National Concussion Awareness Day® is observed annually on the third Friday of September. This is an opportunity for health care practitioners, teachers, coaches and parents to connect and discuss baseline testing, signs and symptoms and the social and emotional issues that can result from concussion. It is important to raise awareness about recognizing a concussion and treating it appropriately. A concussion is a mild traumatic brain injury and should be taken seriously. Being told to “shake off” or “play through” a bump or blow to the head can have serious consequences.
Do you know the signs & symptoms of concussion?
- 9 out of 10 adults in the US can’t correctly define a concussion.
- Up to 50% of concussions go undiagnosed and untreated.
- A concussion is a mild traumatic brain injury.
- You don’t have to lose consciousness to have a concussion.
- Returning to situations where an injured person potentially faces another blow to the head before a concussion fully heals can result in “Second Impact Syndrome” which can be serious and potentially life threatening.
Know the signs and symptoms and what to do in the event of a concussion. Get “Coping with Concussion and Mild Traumatic Brain Injury“, the book that explains it all.
Concussion symptoms and signs are not always obvious or experienced immediately, However, some people experience no ill effects, however, others experience long-term physical, cognitive, and emotional symptoms.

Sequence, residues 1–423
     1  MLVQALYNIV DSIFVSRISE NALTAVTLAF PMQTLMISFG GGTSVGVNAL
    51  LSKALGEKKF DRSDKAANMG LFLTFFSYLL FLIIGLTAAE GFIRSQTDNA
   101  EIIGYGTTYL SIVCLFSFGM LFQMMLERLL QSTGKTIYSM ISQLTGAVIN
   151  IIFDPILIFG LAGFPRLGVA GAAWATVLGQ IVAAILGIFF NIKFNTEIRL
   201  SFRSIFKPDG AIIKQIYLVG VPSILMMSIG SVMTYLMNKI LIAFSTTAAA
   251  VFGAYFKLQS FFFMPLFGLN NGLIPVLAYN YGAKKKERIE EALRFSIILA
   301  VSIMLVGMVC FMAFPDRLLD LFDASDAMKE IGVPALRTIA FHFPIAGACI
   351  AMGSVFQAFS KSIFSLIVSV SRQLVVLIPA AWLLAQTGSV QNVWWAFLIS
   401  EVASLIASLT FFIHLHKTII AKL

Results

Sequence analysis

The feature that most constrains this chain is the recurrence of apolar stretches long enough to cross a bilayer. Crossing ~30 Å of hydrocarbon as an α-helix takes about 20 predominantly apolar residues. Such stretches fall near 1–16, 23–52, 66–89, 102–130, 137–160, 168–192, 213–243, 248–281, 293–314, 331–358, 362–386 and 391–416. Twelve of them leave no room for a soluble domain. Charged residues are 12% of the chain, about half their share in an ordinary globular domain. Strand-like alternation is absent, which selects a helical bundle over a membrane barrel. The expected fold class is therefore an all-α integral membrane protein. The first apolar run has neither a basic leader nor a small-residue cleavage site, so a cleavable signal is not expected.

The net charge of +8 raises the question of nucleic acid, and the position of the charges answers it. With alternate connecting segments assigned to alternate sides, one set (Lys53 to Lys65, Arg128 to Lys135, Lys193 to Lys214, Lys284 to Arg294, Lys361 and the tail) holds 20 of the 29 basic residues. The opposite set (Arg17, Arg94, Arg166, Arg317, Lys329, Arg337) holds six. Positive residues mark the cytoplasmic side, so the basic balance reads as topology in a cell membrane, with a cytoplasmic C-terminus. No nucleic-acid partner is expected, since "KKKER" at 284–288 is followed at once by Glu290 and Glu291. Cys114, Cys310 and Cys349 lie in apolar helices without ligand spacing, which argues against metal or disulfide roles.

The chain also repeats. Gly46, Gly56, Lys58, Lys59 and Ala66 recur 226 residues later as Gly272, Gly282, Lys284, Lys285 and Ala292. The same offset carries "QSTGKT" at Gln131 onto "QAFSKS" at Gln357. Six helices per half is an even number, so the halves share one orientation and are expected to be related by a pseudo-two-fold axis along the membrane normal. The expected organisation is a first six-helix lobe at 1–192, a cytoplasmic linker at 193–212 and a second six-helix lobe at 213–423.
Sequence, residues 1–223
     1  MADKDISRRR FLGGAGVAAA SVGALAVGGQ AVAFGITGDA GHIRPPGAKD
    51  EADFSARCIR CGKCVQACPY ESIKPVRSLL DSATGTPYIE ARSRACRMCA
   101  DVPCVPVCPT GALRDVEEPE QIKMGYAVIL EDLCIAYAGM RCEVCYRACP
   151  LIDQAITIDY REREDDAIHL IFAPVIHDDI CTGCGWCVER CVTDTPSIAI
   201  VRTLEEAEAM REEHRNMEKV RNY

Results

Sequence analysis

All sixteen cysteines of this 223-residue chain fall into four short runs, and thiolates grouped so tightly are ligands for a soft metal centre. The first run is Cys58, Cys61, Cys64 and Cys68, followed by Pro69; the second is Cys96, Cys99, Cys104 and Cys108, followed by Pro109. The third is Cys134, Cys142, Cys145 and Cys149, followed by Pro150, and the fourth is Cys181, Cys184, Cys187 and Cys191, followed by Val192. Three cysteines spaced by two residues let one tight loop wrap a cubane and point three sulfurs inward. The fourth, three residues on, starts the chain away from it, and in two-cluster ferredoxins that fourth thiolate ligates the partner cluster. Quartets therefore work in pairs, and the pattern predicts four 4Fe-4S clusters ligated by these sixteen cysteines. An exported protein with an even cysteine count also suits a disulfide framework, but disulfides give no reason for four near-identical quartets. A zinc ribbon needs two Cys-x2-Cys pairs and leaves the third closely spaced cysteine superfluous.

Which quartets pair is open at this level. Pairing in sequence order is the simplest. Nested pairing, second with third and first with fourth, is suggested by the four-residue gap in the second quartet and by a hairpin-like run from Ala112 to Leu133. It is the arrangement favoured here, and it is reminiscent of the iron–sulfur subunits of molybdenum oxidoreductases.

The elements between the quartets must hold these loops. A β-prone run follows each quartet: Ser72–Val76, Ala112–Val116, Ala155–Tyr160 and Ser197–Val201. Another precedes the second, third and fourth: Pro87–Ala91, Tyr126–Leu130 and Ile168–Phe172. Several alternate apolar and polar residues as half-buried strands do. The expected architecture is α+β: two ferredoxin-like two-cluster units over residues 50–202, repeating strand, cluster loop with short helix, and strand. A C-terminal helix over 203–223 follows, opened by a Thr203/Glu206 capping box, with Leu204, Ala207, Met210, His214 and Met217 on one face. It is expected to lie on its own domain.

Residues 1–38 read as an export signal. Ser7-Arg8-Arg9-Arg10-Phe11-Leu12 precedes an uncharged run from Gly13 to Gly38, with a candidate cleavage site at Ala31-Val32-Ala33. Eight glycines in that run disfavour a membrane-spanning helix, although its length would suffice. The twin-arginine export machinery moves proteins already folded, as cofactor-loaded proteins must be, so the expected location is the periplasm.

Common concussion signs and symptoms include:
- Feeling disoriented and confused
- Memory loss
- Blurred vision
- Appearing dazed
- Temporary loss of consciousness
- Delayed response to questions
- Slurred speech and “seeing stars”.
While these side effects often resolve shortly after the impact, however some might experience nausea, vomiting, headache, dizziness and fatigue several hours after the impact or injury took place.
-Susan H. Connors, president and CEO, Brain Injury Association of America.
-Allan I. Bergman, past president and CEO, Brain Injury Association
-Dr. Joseph Ratner, M.D., Chief of Psychiatry, HealthSouth/New England Rehabilitation Hospital
Every thirteen seconds, a concussion/mild traumatic brain injury happens somewhere in the world, whether it’s from an automobile accident assault, fall, blast injury, or sports collision. Unfortunately, many of those affected will suffer post concussion syndrome (PCS), which consists of chronic fatigue, headaches, depression, memory issues, sleep problems, and post traumatic stress disorder (PTSD) that can last for years. In Coping with Concussion and Mild Traumatic Brain Injury, Dr. Diane® sets out to cover every aspect of this often mystifying condition drawing from her personal experience as a brain injury survivor and her professional experience as a neuropsychologist and board certified health psychologist.
Using clear, easy-to-understand language, Dr. Diane® Roberts Stoler and Barbara Albers Hill explain the most common physical, mental, and psychological symptoms of brain injury and offer practical suggestions for dealing with each problem.
Complete with traditional, complementary, and alternative treatment options, suggestions for overcoming obstacles, and advice on financial matters, Coping with Concussion and Mild Traumatic Brain Injury is a lifeline for patients, families, and other caregivers.